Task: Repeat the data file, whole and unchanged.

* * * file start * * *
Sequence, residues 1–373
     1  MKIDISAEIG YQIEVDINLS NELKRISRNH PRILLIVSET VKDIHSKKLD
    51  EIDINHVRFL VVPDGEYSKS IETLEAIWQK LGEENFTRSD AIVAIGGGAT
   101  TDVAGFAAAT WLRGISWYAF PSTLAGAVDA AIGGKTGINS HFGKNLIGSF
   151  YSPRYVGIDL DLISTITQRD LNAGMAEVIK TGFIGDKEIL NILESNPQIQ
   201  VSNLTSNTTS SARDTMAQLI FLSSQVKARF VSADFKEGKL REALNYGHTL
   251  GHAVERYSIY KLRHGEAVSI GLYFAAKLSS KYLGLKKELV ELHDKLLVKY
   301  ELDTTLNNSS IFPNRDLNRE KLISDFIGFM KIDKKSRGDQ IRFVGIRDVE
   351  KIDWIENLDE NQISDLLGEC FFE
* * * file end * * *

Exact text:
Sequence, residues 1–373
     1  MKIDISAEIG YQIEVDINLS NELKRISRNH PRILLIVSET VKDIHSKKLD
    51  EIDINHVRFL VVPDGEYSKS IETLEAIWQK LGEENFTRSD AIVAIGGGAT
   101  TDVAGFAAAT WLRGISWYAF PSTLAGAVDA AIGGKTGINS HFGKNLIGSF
   151  YSPRYVGIDL DLISTITQRD LNAGMAEVIK TGFIGDKEIL NILESNPQIQ
   201  VSNLTSNTTS SARDTMAQLI FLSSQVKARF VSADFKEGKL REALNYGHTL
   251  GHAVERYSIY KLRHGEAVSI GLYFAAKLSS KYLGLKKELV ELHDKLLVKY
   301  ELDTTLNNSS IFPNRDLNRE KLISDFIGFM KIDKKSRGDQ IRFVGIRDVE
   351  KIDWIENLDE NQISDLLGEC FFE